- Associated Press - Wednesday, December 17, 2014

MONTGOMERY, Ala. (AP) - A federal appeals court on Tuesday upheld Alabama’s requirement that third-party political candidates must submit tens of thousands of voter signatures before they can get listed on a statewide ballot.

The decision was a setback for Libertarian and other smaller political parties who have sought to increase their visibility to voters. The Atlanta-based 11th U.S. Circuit Court of Appeals, upholding a lower court decision, said the political parties and candidates who challenged Alabama’s threshold failed to show how the requirement is overly burdensome.

Alabama requires third-party candidates to collect signatures of registered voters equal to 3 percent of the votes cast in the last governor’s election in order to be listed on a statewide ballot along with their party affiliation. That means third-party presidential candidates had to collect 44,828 signatures by the March primary in order to get on the 2012 November ballot. The Alabama Green Party, Constitution Party of Alabama, Libertarian Party of Alabama and candidates filed a 2012 lawsuit challenging the requirement.

“This law was clearly designed to make it nearly impossible for any party other than the Democrats or Republicans to put their name on the ballot,” Nicholas J. Sarwark, chairman of the Libertarian National Committee said in an emailed statement.

“The voters of Alabama should have a right to vote for a Libertarian candidate, but their lawmakers have rigged the game to keep the Libertarian Party off the ballot. And the 11th Circuit has upheld that rigged game as legal. We will continue to fight to give the voters the freedom to vote for a Libertarian in Alabama and every other state in this country,” Sarwark said.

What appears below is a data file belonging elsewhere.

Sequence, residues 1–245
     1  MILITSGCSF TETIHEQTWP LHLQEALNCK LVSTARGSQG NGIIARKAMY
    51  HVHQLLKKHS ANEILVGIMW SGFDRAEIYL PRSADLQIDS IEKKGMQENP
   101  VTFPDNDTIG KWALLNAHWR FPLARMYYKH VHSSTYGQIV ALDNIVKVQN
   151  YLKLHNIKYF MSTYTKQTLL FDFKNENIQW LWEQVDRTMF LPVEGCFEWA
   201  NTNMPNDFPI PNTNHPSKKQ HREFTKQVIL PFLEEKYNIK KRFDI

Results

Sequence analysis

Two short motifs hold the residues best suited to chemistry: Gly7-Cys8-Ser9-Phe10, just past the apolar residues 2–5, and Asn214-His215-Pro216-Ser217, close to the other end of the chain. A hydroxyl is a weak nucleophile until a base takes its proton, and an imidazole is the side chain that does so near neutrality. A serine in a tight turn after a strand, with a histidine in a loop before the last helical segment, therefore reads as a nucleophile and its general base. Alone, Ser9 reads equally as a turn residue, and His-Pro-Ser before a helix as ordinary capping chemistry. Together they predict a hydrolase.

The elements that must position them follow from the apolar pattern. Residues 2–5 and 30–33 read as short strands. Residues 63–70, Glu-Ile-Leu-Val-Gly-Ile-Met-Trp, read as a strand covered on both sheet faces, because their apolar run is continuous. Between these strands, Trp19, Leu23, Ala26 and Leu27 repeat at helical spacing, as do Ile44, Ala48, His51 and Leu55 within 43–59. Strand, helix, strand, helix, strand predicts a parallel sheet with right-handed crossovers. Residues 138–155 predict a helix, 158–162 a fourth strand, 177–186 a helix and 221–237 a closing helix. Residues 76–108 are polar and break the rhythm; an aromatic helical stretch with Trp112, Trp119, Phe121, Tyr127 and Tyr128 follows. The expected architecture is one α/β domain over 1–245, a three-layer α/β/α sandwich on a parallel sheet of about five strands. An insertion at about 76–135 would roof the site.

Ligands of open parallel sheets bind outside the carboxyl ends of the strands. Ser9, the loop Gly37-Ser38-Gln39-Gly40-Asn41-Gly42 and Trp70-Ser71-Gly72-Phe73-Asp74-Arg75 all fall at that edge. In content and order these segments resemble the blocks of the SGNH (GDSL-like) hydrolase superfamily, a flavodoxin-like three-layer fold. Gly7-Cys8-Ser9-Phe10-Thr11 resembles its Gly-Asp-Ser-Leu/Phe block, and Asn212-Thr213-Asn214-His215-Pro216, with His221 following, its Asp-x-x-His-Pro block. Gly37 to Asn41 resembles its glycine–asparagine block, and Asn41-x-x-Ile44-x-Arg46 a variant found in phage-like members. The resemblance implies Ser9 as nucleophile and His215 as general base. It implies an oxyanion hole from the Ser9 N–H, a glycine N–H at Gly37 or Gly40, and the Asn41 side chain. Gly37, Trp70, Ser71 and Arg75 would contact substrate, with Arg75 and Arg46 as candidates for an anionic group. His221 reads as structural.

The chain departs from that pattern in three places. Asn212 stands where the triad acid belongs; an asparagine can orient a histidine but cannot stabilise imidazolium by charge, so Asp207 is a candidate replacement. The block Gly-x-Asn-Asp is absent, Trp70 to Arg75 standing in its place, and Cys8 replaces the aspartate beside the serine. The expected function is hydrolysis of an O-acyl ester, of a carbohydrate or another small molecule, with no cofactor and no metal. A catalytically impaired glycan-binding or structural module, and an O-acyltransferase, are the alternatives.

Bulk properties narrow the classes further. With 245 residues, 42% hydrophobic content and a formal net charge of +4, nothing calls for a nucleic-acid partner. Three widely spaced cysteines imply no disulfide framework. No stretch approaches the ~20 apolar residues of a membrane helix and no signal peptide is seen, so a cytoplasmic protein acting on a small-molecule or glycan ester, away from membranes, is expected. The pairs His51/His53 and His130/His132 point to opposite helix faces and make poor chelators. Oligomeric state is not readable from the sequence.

The presidential candidates of the three smaller parties were listed on Alabama’s 2012 ballot as independent candidates - which only requires collecting 5,000 signatures - but not as the nominees of their respective parties.

Alabama Secretary of State Jim Bennett said he was pleased, but not surprised, by the appellate court’s decision.

“It was expected,” Bennett said.

U.S. District Judge W. Keith Watkins, in ruling for the state in 2013, said the candidates filed a lawsuit “despite having made no significant effort to secure the number of signatures needed.”

Jean Brown, chief legal adviser for the secretary of state, said the courts have ruled that third-party candidates should have to show a certain level of support before getting ballot access.

She said Americans Elect, which sought an online convention to pick a presidential candidate in 2012, obtained the required signatures in Alabama.

“Americans Elect shows that it can be done,” Brown said. The group ultimately fizzled and did not run a candidate for president.

Richard Winger, editor of Ballot Access News, said Alabama puts up the toughest hurdles for third-party candidates of almost any state in the nation. The result, he said, is that smaller political parties almost never appear on the Alabama ballot.

Sen. Cam Ward, R-Alabaster, has unsuccessfully pushed legislation that would roughly cut in half the required number of signatures.

“I think it’s a fairness issue. It’s not fair that if I don’t belong to one of the two big clubs that I can’t participate in the process,” Ward said.

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